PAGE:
Dallas: As the United States government regulators investigate Boeing's 787 Dreamliner and company engineers search for solutions, investors and analysts are grappling with the bottomline question: How much will the plane's grounding cost?
The answer depends on what probes in the United States and Japan uncover, with scenarios ranging from a quick resolution if a few defective parts have to be swapped out to a drawn-out inquiry that requires a fundamental redesign.
The worst case scenario: The Dreamliner's problems run so deep that chief executive Jim McNerney has to write off about $5 billion in anticipated revenue, said Howard Rubel, a Jefferies & Company analyst who puts the odds of that at about 4 per cent.
The costs are likely to be much less, in the hundreds of millions of dollars, say investors and analysts, including New York-based Rubel. That would let Boeing, which reports 2012 earnings on January 30, reap the rewards of what he estimates was a $25 billion investment in the plane, clearing the way for a profit surge and more money for investors.
"As far as dividend growth, cash flow and share buybacks, I think that's still intact," said Gary Bradshaw, a fund manager at Hodges Capital Management in Dallas, who added to his Boeing stake after a fire broke out on a Dreamliner on January 7.
US investigators are still searching for what caused the fire in the lithium-ion batteries on a Japan Airlines 787 in Boston that day and a fault that forced an All Nippon Airways plane to make an emergency landing in Japan. The jet debuted commercially in 2011, and 50 have been delivered so far.
The grounding will most likely cost Boeing $550 million, Rubel wrote in a report with a range of potential expenses, from $125 million to reimburse carriers that lease replacement jets to the $5 billion write-off. Doug Harned, a Sanford C. Bernstein analyst in New York, estimated Boeing's expense at less than $350 million.
With probes still underway by the US Federal Aviation Administration and the National Transportation Safety Board, McNerney will face questions on this week's earnings call that he won't be able to answer. Chicago-based Boeing is due to give its 2013 financial forecast and delivery plans.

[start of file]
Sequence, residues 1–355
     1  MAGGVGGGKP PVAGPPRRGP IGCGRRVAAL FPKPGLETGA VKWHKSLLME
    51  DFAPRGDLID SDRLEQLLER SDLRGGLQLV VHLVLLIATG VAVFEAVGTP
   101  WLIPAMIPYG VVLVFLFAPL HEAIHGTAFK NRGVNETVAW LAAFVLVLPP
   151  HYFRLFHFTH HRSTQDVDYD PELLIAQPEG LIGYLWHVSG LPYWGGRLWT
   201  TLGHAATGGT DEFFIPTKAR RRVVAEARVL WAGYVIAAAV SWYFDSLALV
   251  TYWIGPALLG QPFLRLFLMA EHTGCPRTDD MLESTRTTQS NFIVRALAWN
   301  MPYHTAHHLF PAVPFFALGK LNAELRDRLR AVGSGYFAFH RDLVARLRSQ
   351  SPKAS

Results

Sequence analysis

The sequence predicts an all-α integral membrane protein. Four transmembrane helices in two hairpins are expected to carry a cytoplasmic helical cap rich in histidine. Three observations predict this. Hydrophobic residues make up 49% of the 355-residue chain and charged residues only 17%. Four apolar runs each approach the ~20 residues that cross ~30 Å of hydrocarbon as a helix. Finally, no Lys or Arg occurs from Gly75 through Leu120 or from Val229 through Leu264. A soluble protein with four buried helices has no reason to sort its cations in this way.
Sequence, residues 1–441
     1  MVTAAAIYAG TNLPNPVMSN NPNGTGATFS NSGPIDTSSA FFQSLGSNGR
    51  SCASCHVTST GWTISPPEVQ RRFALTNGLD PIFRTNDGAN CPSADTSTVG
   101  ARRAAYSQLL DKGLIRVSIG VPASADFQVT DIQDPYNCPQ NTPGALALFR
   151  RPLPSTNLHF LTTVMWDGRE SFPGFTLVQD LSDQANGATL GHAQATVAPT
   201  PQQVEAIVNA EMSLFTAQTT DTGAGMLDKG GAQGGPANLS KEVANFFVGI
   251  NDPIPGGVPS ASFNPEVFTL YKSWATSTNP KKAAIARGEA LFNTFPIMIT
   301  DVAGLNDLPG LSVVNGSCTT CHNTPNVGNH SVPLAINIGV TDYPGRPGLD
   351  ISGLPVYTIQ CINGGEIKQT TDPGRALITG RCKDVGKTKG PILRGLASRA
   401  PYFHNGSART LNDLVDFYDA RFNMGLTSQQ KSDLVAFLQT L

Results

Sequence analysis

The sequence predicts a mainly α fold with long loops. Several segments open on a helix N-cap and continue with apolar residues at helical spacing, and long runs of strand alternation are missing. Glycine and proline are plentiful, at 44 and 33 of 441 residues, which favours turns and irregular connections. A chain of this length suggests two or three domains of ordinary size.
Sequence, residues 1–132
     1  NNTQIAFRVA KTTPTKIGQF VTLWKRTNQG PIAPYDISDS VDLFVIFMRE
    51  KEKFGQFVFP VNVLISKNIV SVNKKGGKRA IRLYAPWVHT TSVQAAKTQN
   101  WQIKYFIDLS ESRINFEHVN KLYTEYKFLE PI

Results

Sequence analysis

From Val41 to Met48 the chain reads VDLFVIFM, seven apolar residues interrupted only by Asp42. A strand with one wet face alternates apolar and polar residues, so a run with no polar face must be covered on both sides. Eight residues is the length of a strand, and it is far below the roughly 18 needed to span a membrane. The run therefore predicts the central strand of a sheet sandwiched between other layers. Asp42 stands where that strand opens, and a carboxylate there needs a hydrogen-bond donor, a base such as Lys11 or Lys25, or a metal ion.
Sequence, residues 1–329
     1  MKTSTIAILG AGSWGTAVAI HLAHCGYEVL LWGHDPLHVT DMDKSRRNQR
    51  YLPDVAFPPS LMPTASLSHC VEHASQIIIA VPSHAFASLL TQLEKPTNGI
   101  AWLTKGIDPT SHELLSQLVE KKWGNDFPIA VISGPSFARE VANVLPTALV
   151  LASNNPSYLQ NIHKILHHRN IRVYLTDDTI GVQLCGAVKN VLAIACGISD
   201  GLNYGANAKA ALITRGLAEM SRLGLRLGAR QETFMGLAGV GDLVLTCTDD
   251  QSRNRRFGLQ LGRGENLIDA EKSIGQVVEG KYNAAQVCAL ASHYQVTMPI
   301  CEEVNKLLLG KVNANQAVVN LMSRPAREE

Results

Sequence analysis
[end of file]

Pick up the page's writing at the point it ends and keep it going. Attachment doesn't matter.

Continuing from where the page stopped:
"We are working this issue tirelessly," Chaz Bickers, a spokesman, said of the 787. "At the same time, we are keeping our other teams keenly focused on their own program performance and customer commitments."
Earnings per share may rise more than 50 per cent to $7.69 by 2015 from $5 in 2012, the average estimate of four analysts surveyed. Analysts project that Boeing garnered $81.7 billion in sales last year, which may grow to $87.9 billion in 2013.
The planemaker has said it plans to double 787 output to 10 a month this year as it pares a backlog of about 800 unfilled orders. That's one piece of the company's 60 per cent production boost in the four years through 2014 to meet demand from airlines for more fuel-efficient planes.
"You look out a couple of years and they could be earning $8 a share, and then you really have a cheap stock," said Bradshaw, at Hodges Capital Management.
Boeing closed on January 25 at $75.03, down 3.4 per cent from the 52-week high on January 4. On a price-earnings basis, Boeing's discount to Airbus parent European Aeronautic Defence & Space Company has widened to about 22 per cent now from about 8 per cent at the end of 2012.
Bernstein's Harned estimated that Boeing had set a 787 delivery target of 93 jets for 2013. The planemaker gets a big chunk of the price before delivery, so even if 20 jets push into 2014, only about $1 billion in cash flow would be delayed, and that would be quickly made up, Harned said in a Janember 22 note.
The shares haven't fallen further in part because investors are used to Dreamliner woes after seven delays pushed back its entry into service by more than three years, according to Carter Leake, a BB&T Capital Markets analyst in Richmond, Virginia.
In a worst-case scenario, the model may be grounded more than three months, which could force a production slowdown, said Leake, a former pilot who also worked for Canadian planemaker Bombardier. While Boeing continues to assemble 787s, the grounding has forced a halt in deliveries, because buyers couldn't fly away in their new planes."The market is in a period of disbelief that it could be anything other than a quick fix, despite the fact that we're in an open investigation," Leake said.
Boeing already felt the weight of investors' 787 dismay before the grounding. Through last week, the shares had slumped 26 per cent since the day before the planemaker disclosed the first Dreamliner delay, in October 2007.
Any reworking of the Dreamliner would come alongside the development this year of the 787-9, a stretched version of the plane, and the upgraded 737 Max, which is scheduled to enter airline fleets in 2017.